These are hard times to be a supporter of Israel. Bibi Netanyahu is a lunatic who is now actively trying to mess with the American election. You see, President Obama, early in his term, politely suggested that if Israel seriously wants to make peace with its neighbors they might want to consider not expanding settlements in the West Bank. For this transgression, Netanyahu, and his lackeys on the American Right, have decided that Obama is morbidly anti-Israel. Their relentless vitriol has convinced some of the dimmer segments of the American Jewish population that they should vote for Romney. Charming.

There are two main advocacy groups for Israel in the United States, and I am not too impressed with either one of them. On one side you have AIPAC, which basically argues that Israel can do no wrong. Moreover, if you suggest that Israel has, indeed, done wrong, they will find a way to accuse you of antisemitism. The most recent example is the response to this column from Maureen Dowd. Dowd made the entirely commonplace and correct observation that Republican foreign policy is being dictated by fanatical, neocon zealots. Andrew Sullivan rounds up the predictable, and vile, responses. Since I am about to bash Sullivan for a colossally stupid thing he wrote elsewhere, let me mention that I agree with everything he says in this particular post.

On the other side is J-Street. When they point out that it is clear from his actions that Netanyahu has no interest at all in supporting the creation of a Palestinian state, and that he is actively undermining the more moderate forces on the Palestinian side, I am with them. When they argue he is the worst thing to happen to Israel, pretty much ever, I am with them again. The problem is that all too often this is not enough for them. They sometimes feel the need to retell the entire history of the region as one of relentless Jewish aggression against their poor, put-upon Arab neighbors. A classic example is this paragraph from Andrew Sullivan:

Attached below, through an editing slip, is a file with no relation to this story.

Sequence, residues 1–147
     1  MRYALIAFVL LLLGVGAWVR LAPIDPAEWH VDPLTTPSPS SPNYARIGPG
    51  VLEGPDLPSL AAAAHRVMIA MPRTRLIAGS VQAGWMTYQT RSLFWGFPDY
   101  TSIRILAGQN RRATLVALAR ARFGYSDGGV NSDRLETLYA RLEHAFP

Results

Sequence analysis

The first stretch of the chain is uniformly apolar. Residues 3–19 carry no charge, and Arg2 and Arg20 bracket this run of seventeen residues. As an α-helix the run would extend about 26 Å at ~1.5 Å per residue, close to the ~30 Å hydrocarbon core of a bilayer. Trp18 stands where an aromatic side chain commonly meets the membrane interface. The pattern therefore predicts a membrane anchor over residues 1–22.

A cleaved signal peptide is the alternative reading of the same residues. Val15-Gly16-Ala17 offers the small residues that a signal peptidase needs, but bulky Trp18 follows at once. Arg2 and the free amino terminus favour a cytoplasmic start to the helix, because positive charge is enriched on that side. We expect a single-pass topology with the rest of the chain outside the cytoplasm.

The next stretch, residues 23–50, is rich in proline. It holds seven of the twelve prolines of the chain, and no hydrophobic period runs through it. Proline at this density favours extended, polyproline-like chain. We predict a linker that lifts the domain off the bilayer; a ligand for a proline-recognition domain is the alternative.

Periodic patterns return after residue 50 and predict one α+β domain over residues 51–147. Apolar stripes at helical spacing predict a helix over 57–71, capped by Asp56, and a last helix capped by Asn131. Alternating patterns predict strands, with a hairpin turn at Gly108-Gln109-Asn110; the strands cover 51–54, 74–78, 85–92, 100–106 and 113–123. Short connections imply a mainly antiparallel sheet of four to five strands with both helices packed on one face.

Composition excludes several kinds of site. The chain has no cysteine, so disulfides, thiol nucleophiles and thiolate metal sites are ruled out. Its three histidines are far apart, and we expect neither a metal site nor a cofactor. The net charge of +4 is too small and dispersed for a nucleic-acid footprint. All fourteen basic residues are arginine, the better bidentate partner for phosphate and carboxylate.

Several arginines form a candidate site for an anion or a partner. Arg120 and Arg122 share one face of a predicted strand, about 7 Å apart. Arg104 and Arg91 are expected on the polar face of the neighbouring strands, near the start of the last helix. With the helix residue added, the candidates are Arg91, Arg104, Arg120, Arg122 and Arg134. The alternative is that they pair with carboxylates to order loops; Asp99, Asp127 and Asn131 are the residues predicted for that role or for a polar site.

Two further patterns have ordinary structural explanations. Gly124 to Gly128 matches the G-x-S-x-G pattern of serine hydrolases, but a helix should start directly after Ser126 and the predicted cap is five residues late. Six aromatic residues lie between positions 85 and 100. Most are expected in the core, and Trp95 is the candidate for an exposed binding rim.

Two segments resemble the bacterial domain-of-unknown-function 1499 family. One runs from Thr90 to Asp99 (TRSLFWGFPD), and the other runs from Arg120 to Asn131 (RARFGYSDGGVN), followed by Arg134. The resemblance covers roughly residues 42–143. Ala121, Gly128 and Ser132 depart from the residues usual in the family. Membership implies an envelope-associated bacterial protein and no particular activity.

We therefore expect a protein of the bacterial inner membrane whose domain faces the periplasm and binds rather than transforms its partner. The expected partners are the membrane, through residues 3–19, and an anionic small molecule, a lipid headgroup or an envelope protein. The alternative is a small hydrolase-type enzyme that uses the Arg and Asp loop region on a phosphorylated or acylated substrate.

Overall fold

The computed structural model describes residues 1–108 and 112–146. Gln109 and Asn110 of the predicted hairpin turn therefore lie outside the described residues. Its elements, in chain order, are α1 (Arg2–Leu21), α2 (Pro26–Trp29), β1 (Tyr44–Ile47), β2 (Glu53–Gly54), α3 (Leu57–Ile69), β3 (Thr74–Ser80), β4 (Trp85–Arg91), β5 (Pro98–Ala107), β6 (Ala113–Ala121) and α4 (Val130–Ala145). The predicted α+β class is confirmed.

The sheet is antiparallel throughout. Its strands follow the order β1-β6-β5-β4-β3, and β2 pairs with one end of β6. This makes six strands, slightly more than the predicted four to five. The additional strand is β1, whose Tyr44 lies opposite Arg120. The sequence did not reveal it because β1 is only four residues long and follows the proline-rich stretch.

There is no just war theory on earth that can justify a pre-emptive strike against nuclear facilities which have not been used to produce a weapon in a country whose Supreme Leader has explicitly called a “sin” to deploy.

As for a radical regime in terms of international relations, which country in the Middle East has launched more wars than any other since its creation, has occupied territory it has then sought to ethnically re-balance, has killed civilians outside its borders in the thousands, has developed a nuclear capacity outside of international non-proliferation treaties, has physically attacked both Iraq and Syria to destroy their nuclear programs, and is now threatening war against Iran, a war that could convulse the entire world into a new clash of civilizations?

On Planet Sullivan there was no context for anything on that little list of particulars. Israel has, apparently, always been a radical regime.

Sure, they have occupied territory. But that was territory which, prior to the occupation, was used relentlessly as a staging ground for one Arab war after another. Yes, Israel has launched wars. But only in response to extraordinary provocations like rocket fire, suicide bombing and relentless terrorism, and always showing far more restraint than any of their despotic neighbors, who devise far more draconian responses to far lesser provocations. Yes, they have pursued a nuclear capability. But that is because they face actual threats to their existence and need those weapons to ensure their survival. Sure, they have launched preemptive strikes against the nuclear ambitions of their neighbors, but the attacks on Iraq ans Syria were textbook examples of when preemption is justified, and the Syrian attack specifically was not even condemned by any of the surrounding Arab countries.

For me, the generally negative response to the Gaza War a few years back made clear to me that I cannot align myself with the J-Street crowd. The spectacle of arrogant bloggers sitting in perfect safety on the other side of the world, calmly lecturing Israel about how they must simply tolerate relentless rocket fire landing in their cities, was a bit much for me to take. I take a simple view of such things. When your neighbor has declared war on you, and fires rocket after rocket into your cities desperately trying to kill as many civilians as possible, then you have carte blanche to do whatever you need to do to make it stop. If that’s not part of your just-war theory (for heaven’s sake), then your theory is wrong. Israel’s critics took great delight in accusing them of heinous war crimes in that conflict. The most serious of those charges, unsurprisingly, turned out to be total nonsense.

There is a middle-ground between Israel can do no wrong and Israel can do no right, but at the moment I don’t see any significant group of people defending that ground. Israel has become radicalized, but only after decades of hatred and intransigence from their neighbors. Netanyahu is an impediment to peace, but as recently as 2000 Israel was offering extraordinary concessions that would have led to a two-state solution, but instead were met with renewed violence for their troubles. An attack on Iran is a ludicrous idea, but Netanyahu did not hallucinate the threat that Iran presents.